Moritz, who lives in Kerr County, said that he purchased the mare last year.
“I had it under contract from a gentleman in San Antonio,” he said.
These two horses were among five seized by law enforcement when they received information that the animals were not receiving adequate food or water by Amanda Moritz, who lives in southern Bee County.
Felix Moritz, her father, said that he has paid the full amount for the mare and his daughter had filed paperwork for him with the American Paint Horse Association to have the horse placed in his name since the sale was final in March.
“It was not given to her but it was under her supervision because I was fencing off five acres,” he said. “(Bee County deputies) are giving me the runaround. They are giving me the third degree.”
Moritz said that he has been unable to get the horse back from Habitat for Horses since the seizure by law enforcement.
Last week, Justice of the Peace Joe Lyvers ordered that the five horses remain in the custody of Habitat for Horses of Corpus Christi until the rightful owners could be found or adopted.
Dottie Clower, who works with Habitat for Horses, said, “If I give the mare back to him, he is going to give it back to Amanda. The horse is registered in her name so I have misgivings.
“I am going to fight him over it because she is the registered owner.”
According to records at the American Paint Horse Association, the mare, registered under the name of Mosocks, is owned by Amanda Moritz. Their records showed no pending transfer of ownership.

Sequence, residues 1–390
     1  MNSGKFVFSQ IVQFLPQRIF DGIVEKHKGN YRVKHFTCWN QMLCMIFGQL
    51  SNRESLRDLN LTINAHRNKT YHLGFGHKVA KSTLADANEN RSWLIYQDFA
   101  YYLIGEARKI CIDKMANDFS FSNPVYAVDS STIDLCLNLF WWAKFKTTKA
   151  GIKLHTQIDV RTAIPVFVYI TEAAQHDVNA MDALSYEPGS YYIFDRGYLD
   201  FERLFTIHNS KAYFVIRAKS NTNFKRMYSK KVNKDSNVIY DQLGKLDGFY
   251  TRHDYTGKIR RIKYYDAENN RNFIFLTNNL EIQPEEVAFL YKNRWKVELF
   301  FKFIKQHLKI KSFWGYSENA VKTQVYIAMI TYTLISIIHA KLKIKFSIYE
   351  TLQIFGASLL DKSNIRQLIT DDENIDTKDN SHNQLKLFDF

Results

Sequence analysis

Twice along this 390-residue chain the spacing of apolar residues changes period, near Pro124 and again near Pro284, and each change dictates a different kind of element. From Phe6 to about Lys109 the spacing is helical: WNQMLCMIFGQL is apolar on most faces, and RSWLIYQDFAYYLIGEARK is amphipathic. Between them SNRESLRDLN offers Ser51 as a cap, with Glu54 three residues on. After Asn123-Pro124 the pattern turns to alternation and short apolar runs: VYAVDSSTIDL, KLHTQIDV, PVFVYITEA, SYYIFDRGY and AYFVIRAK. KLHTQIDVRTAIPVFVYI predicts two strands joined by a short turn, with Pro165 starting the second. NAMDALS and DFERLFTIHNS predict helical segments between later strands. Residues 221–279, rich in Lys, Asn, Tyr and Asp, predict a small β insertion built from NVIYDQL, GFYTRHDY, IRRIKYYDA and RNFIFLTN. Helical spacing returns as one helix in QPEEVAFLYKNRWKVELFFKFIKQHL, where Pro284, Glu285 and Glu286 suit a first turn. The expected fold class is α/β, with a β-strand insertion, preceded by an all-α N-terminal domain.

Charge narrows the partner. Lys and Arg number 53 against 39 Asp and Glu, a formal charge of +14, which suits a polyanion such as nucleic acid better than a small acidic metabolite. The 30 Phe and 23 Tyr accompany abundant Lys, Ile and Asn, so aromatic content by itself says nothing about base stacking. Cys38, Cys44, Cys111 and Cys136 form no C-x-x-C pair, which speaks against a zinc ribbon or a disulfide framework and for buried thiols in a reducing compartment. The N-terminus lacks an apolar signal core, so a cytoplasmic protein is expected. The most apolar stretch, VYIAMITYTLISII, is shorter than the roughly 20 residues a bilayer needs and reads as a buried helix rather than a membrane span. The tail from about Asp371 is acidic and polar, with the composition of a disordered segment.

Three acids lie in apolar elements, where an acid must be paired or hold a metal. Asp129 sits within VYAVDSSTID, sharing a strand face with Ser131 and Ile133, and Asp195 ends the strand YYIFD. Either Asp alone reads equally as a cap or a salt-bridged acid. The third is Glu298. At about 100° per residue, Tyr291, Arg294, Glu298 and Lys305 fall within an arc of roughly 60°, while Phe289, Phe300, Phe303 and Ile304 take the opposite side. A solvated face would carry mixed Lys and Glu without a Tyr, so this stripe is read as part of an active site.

Amanda Moritz said that she did send in the request to have the horse placed in her father’s name prior to the seizure and after her father finished paying for the horse. Felix Moritz said that he had purchased the horse from a man in Marion, east of San Antonio.
“We sent it off on the 15th of April,” she said.
Investigator Adam Levine, who is handling the case through the Bee County Sheriff’s Office, said that his evidence indicates Amanda Moritz is the owner of the mare and foal. Levine said that he has asked Felix Moritz to come give a sworn statement concerning his ownership of the horses.
“I have invited Mr. Moritz to give me a sworn statement. He is yet to do it,” Levine said. “He said he is contacting his attorney.”
The mare and the foal are both doing well, Clower said.
“They have learned in about two seconds where the food line was,” Clower said. “The little kid can’t decide if he wants to be a bunking bronc or a race horse.”
Levine echoed her statement, saying, “They are starting to get back to were they need to be.”
Clower took issue with statements made by Amanda Moritz during last week’s meeting that the mare only appeared thin because she had just foaled.
“You have to keep them good and healthy so that when they do foal, they don’t look like this horse did,” Clower said. “The other problem you have is that without any grain, that baby is sucking everything out of momma.”
During the hearing, Amanda Moritz told Lyvers that she had been feeding the horse grain and offered to show receipts; however, law enforcement could find little evidence of feed.
Sgt. Steve Linam, an investigator on the property during the seizure, said, “I did walk the entire property. There was no supplemental feed found.”
Clower said that she is still working to find homes for the horses but all are healthy.
“They have probably 6 to 10 inches of grass to graze,” she said.
Felix Moritz said that he intends to file a lawsuit against the county, city, Clower and Bluebonnet Equine Humane Society, among others.
Felix and Amanda Moritz both said that Bluebonnet was named in the suit because they were called when 10 horses were seized from Amanda Moritz’s property near Tynan in 2008.
One of those horses died following that seizure.
Linam, for a story back then, said that the cause of death was malnutrition.
Jason Collins is the editor at the Bee-Picayune and can be reached at 358-2550, ext. 121, or at editor@mySouTex.com.